Emil Nolde (1867-1956) was primarily an expressionist painter and printmaker native to Germany. His works were often abstract and representative of his dreams. He painted with a visual passion, which was often reflected in his color selections. His works were creative, spontaneous, symbolic and emotional. For a period of about six years, Nolde actually taught at the Museum of Industrial Arts on St. Gall in Switzerland. However, after returning to Germany during the 1930s, Nolde became the only German expressionist artist (at the time) to join the wrathful Third Reich. However, by 1941, he was arbitrarily shunned by the ruling German government and was forbidden to paint, have his paintings displayed (as they once were in many German museums) or sell his works. He quickly sought refuge near his hometown in Seebull, where kind locals traded food for his paintings. Fearing the invasive and powerful German Reich, Nolde strayed from his usual oil paintings in lieu of the less odorous medium of watercolors. Albeit in secret, Nolde continued to paint until his death.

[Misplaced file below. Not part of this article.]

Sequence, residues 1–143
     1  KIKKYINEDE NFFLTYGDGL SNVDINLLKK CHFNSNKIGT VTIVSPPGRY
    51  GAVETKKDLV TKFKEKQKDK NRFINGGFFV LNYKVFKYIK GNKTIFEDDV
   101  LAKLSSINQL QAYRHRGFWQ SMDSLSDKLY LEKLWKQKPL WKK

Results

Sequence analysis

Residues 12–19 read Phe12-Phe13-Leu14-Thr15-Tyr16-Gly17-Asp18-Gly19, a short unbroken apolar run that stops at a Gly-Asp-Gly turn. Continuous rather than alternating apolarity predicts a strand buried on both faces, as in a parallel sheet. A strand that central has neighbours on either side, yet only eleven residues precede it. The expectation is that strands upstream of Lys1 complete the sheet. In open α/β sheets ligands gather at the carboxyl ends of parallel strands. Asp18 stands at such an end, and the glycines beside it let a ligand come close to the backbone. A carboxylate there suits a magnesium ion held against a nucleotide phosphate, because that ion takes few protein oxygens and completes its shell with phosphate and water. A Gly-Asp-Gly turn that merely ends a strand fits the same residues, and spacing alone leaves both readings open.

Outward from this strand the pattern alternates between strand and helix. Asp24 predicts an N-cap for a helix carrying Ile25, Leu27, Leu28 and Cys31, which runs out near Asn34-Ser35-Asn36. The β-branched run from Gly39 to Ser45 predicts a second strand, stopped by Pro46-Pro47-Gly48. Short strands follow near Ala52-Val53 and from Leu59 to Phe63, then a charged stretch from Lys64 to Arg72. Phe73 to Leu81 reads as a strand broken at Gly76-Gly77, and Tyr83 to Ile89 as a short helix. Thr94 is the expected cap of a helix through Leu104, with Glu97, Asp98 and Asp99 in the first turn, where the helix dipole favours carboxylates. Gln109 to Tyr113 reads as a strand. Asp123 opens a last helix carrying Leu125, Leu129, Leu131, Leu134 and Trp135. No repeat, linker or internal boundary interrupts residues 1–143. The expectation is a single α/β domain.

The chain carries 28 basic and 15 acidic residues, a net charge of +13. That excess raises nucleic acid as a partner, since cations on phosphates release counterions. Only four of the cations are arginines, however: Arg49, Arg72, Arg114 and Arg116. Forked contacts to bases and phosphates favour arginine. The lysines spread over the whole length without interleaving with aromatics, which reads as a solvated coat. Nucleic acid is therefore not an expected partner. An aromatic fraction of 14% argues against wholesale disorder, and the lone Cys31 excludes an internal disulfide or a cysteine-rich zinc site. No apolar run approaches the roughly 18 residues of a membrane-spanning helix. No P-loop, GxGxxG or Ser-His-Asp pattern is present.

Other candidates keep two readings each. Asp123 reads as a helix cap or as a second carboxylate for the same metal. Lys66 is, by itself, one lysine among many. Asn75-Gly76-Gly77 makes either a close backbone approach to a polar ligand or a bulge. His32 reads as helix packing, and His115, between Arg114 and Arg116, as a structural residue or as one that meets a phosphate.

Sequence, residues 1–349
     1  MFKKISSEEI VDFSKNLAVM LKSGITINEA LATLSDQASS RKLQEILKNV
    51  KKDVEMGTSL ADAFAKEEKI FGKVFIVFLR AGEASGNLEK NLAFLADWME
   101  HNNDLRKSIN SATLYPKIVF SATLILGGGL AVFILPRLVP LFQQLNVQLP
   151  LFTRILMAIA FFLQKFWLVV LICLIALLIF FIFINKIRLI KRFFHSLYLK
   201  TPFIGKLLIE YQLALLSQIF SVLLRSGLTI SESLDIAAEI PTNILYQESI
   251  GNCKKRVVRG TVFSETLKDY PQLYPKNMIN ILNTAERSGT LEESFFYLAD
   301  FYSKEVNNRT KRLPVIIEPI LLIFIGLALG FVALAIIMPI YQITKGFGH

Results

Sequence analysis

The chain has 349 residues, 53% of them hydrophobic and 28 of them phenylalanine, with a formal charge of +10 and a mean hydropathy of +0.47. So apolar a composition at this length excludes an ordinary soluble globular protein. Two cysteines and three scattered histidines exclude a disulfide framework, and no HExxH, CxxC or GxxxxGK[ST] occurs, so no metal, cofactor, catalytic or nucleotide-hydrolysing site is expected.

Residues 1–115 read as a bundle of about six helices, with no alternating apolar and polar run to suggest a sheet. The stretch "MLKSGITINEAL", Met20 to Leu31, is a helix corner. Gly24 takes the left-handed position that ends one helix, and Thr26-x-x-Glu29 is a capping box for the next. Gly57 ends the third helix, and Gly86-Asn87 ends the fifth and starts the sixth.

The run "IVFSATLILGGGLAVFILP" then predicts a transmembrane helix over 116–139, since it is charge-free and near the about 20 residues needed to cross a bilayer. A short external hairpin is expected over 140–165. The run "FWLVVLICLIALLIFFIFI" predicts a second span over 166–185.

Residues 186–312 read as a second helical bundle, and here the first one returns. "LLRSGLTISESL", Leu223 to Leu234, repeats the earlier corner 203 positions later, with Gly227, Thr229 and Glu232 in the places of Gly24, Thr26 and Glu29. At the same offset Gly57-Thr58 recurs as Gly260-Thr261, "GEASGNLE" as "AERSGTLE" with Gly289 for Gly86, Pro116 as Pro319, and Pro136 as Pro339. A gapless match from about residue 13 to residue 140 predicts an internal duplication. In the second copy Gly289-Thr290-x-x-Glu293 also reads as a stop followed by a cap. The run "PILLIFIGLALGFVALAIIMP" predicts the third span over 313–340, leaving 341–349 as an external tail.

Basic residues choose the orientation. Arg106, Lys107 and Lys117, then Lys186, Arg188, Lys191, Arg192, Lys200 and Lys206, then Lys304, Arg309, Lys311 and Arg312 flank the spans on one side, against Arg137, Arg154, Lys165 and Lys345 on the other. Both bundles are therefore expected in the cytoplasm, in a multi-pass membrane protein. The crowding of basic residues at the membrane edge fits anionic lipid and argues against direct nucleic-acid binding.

This 45+ year old Item is rated Near Mint. No creases. No natural defects. No surface rub. No tears. No water damage.
This piece was illustrated by Nolde, Emil. Artist signature in print - bottom right of image.
Keywords specific to this image: Floral, Botanical, Watercolour Paintings, Expressionism, Abstract, Still Life